“Outlaws and lawmen of Oklahoma’s past are living characters under Ken Butler’s pen.All the ‘good guys’and the ‘bad guys’ are here, with a few who were both!”
—Chuck Parsons, Western historian
“Ken Butler has outdone himself on the book More Oklahoma Renegades. This fine narrative companion to his Oklahoma Renegades breathes life into many more wild characters of the powder-stained Southwest, and it will be a valued addition to those interested in outlaw-lawmen history.”
—Herman Kirkwood, president of the Oklahoma Outlaws Lawmen History Association
“With his powerful language and thrilling stories of the past, Butler ‘lassos the spirit of the Wild West in all of us.’”
—Annie Withers, The Ozarks Mountaineer
In the Twin Territories, as Oklahoma was known before statehood, renegades roamed, and attempted to rule, the land. Famous lawmen like Bill Tilghman, Heck Thomas, and Chris Madsen and infamous outlaws, including the Dalton and Bill Cook gangs, have been the topics of many books, documentaries, and magazine articles. Other lesser-known characters from Oklahoma’s past have received little, if any attention—until now.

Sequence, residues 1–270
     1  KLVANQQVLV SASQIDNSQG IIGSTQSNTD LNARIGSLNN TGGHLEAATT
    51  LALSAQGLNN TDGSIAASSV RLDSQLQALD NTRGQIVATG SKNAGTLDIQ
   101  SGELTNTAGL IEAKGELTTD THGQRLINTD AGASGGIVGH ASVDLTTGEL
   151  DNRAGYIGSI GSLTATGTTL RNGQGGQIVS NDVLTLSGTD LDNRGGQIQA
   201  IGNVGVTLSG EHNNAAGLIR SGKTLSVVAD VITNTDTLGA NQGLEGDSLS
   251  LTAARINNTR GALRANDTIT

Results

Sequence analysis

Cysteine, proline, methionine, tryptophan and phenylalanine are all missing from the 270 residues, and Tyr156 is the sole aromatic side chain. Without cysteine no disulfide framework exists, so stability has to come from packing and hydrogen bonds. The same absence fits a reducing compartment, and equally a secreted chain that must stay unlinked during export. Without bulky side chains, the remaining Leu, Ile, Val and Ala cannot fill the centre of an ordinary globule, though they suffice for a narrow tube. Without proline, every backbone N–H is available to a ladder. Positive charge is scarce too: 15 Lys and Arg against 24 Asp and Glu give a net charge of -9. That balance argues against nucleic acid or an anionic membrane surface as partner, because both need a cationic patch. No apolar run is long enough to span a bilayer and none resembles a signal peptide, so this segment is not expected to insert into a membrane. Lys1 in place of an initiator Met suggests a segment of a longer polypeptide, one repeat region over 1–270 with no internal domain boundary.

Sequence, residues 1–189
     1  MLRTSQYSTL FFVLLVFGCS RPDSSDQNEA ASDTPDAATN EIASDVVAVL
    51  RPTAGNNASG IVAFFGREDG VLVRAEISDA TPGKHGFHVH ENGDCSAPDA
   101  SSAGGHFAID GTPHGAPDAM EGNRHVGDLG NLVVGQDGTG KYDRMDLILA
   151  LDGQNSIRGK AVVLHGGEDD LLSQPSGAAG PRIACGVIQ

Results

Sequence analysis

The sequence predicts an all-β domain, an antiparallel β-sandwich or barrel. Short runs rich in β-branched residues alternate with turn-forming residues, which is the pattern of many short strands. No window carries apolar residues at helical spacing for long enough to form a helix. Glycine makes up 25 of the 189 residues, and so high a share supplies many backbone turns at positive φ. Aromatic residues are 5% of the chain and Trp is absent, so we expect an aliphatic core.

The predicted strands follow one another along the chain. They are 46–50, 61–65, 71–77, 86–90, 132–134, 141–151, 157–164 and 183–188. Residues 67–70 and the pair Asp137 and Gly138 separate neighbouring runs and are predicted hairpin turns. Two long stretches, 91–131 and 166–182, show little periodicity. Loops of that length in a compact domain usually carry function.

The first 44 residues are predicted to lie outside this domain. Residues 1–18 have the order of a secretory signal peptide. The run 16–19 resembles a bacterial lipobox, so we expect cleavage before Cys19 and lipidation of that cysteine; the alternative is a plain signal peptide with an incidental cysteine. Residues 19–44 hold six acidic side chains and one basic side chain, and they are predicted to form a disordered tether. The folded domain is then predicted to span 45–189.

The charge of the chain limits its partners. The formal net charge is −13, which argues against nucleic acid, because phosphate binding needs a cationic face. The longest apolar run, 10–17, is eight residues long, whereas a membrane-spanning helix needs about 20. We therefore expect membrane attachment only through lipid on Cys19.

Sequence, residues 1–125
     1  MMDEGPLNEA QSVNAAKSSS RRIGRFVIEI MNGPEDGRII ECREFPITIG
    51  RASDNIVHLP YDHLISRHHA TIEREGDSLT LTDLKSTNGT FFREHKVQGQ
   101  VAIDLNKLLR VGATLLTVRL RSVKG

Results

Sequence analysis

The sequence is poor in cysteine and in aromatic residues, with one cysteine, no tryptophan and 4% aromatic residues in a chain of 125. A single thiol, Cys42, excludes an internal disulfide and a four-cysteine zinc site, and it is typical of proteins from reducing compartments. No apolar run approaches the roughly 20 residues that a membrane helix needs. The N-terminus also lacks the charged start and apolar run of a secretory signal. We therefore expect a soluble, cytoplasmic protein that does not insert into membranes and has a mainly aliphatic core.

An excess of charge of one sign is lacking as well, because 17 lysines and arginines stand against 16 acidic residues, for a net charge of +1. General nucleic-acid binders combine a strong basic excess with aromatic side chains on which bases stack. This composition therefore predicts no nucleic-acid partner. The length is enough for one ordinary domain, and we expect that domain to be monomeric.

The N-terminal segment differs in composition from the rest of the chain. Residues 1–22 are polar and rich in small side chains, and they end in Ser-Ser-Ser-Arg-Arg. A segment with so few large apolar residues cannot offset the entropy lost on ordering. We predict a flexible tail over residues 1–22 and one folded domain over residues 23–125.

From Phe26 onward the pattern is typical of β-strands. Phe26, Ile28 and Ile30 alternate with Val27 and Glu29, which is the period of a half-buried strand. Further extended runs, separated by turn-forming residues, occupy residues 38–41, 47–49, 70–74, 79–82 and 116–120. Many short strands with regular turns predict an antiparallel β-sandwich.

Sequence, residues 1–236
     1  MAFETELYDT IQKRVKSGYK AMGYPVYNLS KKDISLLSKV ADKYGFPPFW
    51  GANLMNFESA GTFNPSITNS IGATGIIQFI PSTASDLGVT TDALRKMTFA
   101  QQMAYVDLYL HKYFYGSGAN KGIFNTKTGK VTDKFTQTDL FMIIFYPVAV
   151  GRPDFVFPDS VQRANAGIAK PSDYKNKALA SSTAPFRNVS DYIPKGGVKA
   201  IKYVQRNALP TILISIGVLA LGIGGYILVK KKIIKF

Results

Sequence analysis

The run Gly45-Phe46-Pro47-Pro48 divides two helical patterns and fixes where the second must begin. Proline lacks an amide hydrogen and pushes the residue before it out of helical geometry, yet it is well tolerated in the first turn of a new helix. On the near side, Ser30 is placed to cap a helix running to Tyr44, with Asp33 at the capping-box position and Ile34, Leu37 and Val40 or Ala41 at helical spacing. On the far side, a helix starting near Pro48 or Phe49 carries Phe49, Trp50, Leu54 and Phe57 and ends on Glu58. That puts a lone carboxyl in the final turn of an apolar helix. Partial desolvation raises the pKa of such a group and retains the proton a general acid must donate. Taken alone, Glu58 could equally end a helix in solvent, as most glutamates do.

Train robberies, murders, prison breaks, and hangings were part of everyday life in the Twin Territories, and they are all featured in More Oklahoma Renegades. Stories like that of Ira Terrill are included here. Serving on the Oklahoma Territorial House of Representatives, Terrill advocated for tougher murder laws, enacting a law that allowed Kansas to work prisoners in the coal mines. After a particularly heated argument, Terrill was the first to be arrested under the law and serve under such conditions. After his release, he concentrated his efforts on exposing the injustice of forcing inmates to work as slaves, inspiring lawmakers to later cancel the arrangement. Others mentioned include doctor-turned-deputy Zeno Beemblossom and the banker-turned-hero Ben Kiehn.